From The Wall Street Journal:
It’s a good time to re-examine our relationship with Facebook Inc.
In the past month, it has been revealed that Facebook hosted a Russian influence operation which may have reached between 3 million and 20 million people on the social network, and that Facebook could be used to micro-target users with hate speech. It took the company more than two weeks to agree to share what it knows with Congress.
Increased scrutiny of Facebook is healthy. What went mainstream as a friendly place for loved ones to swap baby pictures and cat videos has morphed into an opaque and poorly understood metropolis rife with influence peddlers determined to manipulate what we know and how we think. We have barely begun to understand how the massive social network shapes our world.
Unfortunately, Facebook itself seems just as mystified, providing a response to all of this that has left many unsatisfied.
What the company’s leaders seem unable to reckon with is that its troubles are inherent in the design of its flagship social network, which prioritizes thrilling posts and ads over dull ones, and rewards cunning provocateurs over hapless users. No tweak to algorithms or processes can hope to fix a problem that seems enmeshed in the very fabric of Facebook.
. . . .
On a network where article and video posts can be sponsored and distributed like ads, and ads themselves can go as viral as a wedding-fail video, there is hardly a difference between the two. And we now know that if an ad from one of Facebook’s more than five million advertisersgoes viral—by making us feel something, not just joy but also fear or outrage—it will cost less per impression to spread across Facebook.
In one example, described in a recent Wall Street Journal article, a “controversial” ad went viral, leading to a 30% drop in the cost to reach each user. Joe Yakuel, founder and chief executive of Agency Within, which manages $100 million in digital ad purchases, told our reporter, “Even inadvertent controversy can cause a lot of engagement.”
Keeping people sharing and clicking is essential to Facebook’s all-important metric, engagement, which is closely linked to how many ads the network can show us and how many of them we will interact with. Left unchecked, algorithms like Facebook’s News Feed tend toward content that is intended to arouse our passions, regardless of source—or even veracity.
An old newspaper catchphrase was, “If it bleeds, it leads”—that is, if someone got hurt or killed, that’s the top story. In the age when Facebook supplies us with a disproportionate amount of our daily news, a more-appropriate catchphrase would be, “If it’s outrageous, it’s contagious.”
. . . .
“Facebook has become so central to how people communicate, and it has so much market power, that it’s essentially immune to market signals,” Dr. Benkler says. The only thing that will force the company to change, he adds, is the brewing threat to its reputation.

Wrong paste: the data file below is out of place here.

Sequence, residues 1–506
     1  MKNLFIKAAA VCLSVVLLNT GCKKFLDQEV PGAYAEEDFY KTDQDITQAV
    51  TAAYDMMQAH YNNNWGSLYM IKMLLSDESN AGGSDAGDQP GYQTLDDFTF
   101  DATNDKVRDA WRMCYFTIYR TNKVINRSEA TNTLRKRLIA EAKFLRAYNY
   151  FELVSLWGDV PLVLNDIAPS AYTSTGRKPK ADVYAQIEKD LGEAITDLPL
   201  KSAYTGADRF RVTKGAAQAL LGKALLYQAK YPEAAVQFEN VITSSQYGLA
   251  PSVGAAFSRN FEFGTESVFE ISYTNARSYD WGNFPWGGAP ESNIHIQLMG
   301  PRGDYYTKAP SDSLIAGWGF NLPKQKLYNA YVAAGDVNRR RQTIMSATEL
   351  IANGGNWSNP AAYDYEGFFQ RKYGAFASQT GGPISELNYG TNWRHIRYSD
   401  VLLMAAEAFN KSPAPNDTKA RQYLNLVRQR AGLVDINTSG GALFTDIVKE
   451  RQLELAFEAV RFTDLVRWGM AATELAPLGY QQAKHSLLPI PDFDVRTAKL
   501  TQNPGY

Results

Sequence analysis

. . . .
Mr. Zuckerberg acknowledged in a recent Facebook post that the majority of advertising purchased on Facebook will continue to be bought “without the advertiser ever speaking to anyone at Facebook.” His argument for this policy: “We don’t check what people say before they say it, and frankly, I don’t think our society should want us to.”
This is false equivalence. Society may not want Facebook to read over everything typed by our friends and family before they share it. But many people would feel it’s reasonable for Facebook to review all of the content it gets paid (tens of billions of dollars) to publish and promote.
“Facebook has embraced the healthy gross margins and influence of a media firm but is allergic to the responsibilities of a media firm,” Mr. Galloway says.
Link to the rest at The Wall Street Journal
PG understands the controversy, but disagrees with conventional wisdom about its seriousness.
Complaints about Facebook are similar to earlier complaints about the internet – anybody can say anything they want to say.
Do Facebook users really compare a paid advertisement to a posting and give more credence to an advertisement because someone paid Facebook to distribute it? PG doesn’t think so.
If anything, PG tends to be a bit more suspicious of advertisements in any medium because the ideas contained in the advertisement were presumably not able to rise to a higher level of visibility without someone paying money to cause the publication to give them more visibility.
The idea that people are so stupid that large organizations, whether governments or private companies, are obligated to protect them from bad ideas (whatever that means) is pretty much the ultimate in slippery slopes.
If people don’t like what they see on Facebook, they’ll stop visiting Facebook and go elsewhere. Alternatives are a click away.
If advertisers think their reputations are harmed by their advertisements appearing on Facebook, they will pull the ads. At present, a large number of advertisers think their reputations are just fine on Facebook and are willing to continue to pay Facebook for visibility.
If the experts are correct that Facebook’s reputation is being commercially tarnished by what is appearing on its site, advertising or something else, we’ll see it in the number of visitors and the number of advertisers on Facebook. If visitors and advertisers continue to appear, we’ll know the experts are wrong. Again.